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Health Highlights: April 30, 2012
Here are some of the latest health and medical news developments, compiled by the editors of HealthDay:
Texas Law Targeting Planned Parenthood Unconstitutional: Judge
Texas cannot stop Planned Parenthood from receiving state funds through the Women's Health Program, a federal judge ruled Monday.
There is sufficient evidence that a state law banning Planned Parenthood from the program is unconstitutional, U.S. District Judge Lee Yeakel said. He imposed an injunction against enforcement of the law until he can hear full arguments, the Associated Press reported.
Under the law passed last year by the Republican-controlled Legislature, state agencies cannot provide funds to organizations affiliated with abortion providers. A legal challenge was launched by Eight Planned Parenthood clinics that do not provide abortions.
In his ruling, Yeakel agreed with Planned Parenthood's argument that if it was banned from the Women's Health Program, many women would have no access to clinics for basic health services and check-ups, the AP reported.
Dutch Government OKs Publication of Bird Flu Study
A Dutch scientist's paper on a mutant version of the potentially deadly H5N1 bird flu virus can be published in the journal Science, the Dutch government says.
Friday's announcement came after publication of this and another paper by U.S. researchers was approved by a U.S. panel of experts. But under European Union rules, the Dutch scientist still required permission from his government, Agence France-Presse reported.
The two studies found that a laboratory-created mutant version of H5N1 could pass easily in the air between ferrets. U.S. experts initially opposed publication of the studies over fears that the information could be used by terrorists to unleash a deadly flu epidemic.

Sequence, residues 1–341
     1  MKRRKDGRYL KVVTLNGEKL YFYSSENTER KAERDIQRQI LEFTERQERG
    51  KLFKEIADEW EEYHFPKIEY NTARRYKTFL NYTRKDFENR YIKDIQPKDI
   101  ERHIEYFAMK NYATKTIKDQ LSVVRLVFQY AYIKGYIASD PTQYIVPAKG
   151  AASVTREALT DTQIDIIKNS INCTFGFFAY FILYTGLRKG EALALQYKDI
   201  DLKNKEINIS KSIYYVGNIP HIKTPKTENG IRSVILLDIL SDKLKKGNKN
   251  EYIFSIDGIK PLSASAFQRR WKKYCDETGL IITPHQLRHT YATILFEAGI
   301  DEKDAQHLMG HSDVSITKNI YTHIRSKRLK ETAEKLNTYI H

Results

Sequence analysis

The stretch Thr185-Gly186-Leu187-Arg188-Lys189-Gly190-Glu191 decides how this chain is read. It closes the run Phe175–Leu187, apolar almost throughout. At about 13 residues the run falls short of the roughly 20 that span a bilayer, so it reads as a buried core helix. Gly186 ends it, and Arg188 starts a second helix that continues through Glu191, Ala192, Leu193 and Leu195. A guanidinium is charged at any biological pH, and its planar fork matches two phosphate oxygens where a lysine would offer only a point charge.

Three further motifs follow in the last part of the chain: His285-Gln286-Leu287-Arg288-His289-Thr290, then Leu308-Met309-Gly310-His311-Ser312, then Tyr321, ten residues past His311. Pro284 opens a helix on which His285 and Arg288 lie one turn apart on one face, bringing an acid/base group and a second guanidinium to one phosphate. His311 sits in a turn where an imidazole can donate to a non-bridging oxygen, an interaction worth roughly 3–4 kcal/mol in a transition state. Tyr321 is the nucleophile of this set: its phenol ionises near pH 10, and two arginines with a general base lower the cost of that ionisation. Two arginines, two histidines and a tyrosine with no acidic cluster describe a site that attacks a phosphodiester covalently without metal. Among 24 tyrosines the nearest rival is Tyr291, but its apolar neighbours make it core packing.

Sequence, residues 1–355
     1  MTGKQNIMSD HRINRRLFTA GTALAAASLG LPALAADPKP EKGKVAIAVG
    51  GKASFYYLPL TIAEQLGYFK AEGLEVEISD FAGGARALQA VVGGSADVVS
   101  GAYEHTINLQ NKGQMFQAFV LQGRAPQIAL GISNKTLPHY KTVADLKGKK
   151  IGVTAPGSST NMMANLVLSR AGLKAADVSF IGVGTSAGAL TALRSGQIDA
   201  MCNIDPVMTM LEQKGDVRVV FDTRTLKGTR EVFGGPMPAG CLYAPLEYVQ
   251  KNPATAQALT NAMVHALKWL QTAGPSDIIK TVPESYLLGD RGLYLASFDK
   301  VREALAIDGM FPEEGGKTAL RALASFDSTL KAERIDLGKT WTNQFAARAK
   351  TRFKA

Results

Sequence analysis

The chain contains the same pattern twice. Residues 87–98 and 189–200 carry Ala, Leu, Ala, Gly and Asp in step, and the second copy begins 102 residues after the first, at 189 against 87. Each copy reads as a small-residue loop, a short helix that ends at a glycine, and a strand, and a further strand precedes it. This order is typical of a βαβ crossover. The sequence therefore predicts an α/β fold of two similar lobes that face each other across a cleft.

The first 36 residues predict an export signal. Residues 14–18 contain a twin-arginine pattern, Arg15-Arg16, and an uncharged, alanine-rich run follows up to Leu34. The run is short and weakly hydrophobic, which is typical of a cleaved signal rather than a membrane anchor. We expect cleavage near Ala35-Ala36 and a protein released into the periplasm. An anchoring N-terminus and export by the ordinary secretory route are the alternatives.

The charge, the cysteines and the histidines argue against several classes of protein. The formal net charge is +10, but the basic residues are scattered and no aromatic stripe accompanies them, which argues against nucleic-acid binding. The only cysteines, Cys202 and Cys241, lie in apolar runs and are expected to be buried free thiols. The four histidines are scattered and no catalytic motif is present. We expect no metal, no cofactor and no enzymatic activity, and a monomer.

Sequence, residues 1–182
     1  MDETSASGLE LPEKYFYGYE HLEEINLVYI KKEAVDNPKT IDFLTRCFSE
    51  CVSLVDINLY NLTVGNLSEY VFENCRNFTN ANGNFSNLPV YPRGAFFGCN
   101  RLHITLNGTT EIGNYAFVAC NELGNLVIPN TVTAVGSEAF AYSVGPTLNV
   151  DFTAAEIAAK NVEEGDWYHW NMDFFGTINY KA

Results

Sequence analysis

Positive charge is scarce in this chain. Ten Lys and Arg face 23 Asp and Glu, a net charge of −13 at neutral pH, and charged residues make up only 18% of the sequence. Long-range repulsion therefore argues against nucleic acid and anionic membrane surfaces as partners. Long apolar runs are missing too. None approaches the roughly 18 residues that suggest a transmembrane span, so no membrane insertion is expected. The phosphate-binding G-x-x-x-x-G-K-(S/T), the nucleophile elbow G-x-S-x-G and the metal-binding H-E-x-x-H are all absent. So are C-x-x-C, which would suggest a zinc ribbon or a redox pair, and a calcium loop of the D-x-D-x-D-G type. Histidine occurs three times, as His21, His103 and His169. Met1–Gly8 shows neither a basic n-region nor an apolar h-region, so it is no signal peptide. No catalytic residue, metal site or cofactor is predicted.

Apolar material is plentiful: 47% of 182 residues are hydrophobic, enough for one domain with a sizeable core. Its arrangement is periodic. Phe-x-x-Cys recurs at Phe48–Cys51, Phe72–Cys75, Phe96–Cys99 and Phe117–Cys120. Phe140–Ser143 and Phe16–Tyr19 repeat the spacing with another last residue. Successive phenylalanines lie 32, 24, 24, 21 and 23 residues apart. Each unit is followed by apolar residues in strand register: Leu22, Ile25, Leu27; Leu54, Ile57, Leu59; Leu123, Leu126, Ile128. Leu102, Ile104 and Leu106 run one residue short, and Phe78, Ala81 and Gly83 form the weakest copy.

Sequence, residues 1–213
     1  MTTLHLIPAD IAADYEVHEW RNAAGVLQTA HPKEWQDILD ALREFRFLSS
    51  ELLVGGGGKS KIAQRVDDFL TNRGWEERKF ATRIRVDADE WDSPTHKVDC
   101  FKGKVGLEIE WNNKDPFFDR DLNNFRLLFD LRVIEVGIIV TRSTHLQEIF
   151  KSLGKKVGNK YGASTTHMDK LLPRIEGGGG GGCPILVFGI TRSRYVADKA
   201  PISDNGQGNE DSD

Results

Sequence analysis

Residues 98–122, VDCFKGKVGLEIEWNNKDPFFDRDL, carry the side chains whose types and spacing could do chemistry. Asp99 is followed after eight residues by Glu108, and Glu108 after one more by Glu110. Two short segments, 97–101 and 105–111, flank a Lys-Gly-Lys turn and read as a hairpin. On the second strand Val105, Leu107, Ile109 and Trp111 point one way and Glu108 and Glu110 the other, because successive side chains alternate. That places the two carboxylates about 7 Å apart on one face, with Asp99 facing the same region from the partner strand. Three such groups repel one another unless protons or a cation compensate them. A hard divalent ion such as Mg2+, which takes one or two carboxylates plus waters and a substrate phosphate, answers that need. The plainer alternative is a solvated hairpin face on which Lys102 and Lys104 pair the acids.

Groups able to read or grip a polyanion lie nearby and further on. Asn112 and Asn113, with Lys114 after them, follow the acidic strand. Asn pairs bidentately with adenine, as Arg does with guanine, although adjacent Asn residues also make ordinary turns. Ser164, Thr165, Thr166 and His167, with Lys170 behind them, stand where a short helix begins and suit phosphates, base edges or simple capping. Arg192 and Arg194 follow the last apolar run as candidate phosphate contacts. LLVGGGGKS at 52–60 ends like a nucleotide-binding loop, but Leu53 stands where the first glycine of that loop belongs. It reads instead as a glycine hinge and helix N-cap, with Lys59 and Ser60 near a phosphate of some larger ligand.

The Dutch Department of Economic Affairs approved publication of the Dutch study after weighing the risks and advantages of publication, a government spokeswoman told AFP.
FDA Sends Warning to Supplements Companies
Ten companies that make and distribute dietary supplements containing dimethylamylamine (DMAA) have been sent warning letters for marketing products that lack safety evidence, the U.S. Food and Drug Administration said Friday.
DMAA -- also referred to as 1,3-dimethylamylamine, methylhexanamine, or geranium extract -- is often touted as a "natural" stimulant.
The companies that received warning letters and the names of their products are: Exclusive Supplements for Biorhythm SSIN Juice; Fahrenheit Nutrition for Lean Efx; Gaspari Nutrition for Spirodex; iSatori Global Technologies, LLC for PWR; Muscle Warfare, Inc. for Napalm; MuscleMeds Perfomance Technologies for Code Red; Nutrex Research for Hemo Rage Black, Lipo-6 Black Ultra Concentrate, Lipo-6 Black, Lipo-6 Black Hers Ultra, Concentrate, and Lipo-6 Black Hers; SEI Pharmaceuticals for MethylHex 4,2; SNI, LLC for Nitric Blast; and USP Labs, LLC for Oxy Elite Pro and Jack3D.
"Before marketing products containing DMAA, manufacturers and distributors have a responsibility under the law to provide evidence of the safety of their products. They haven't done that and that makes the products adulterated," Daniel Fabricant, director of the FDA's Dietary Supplement Program, said in an agency news release.
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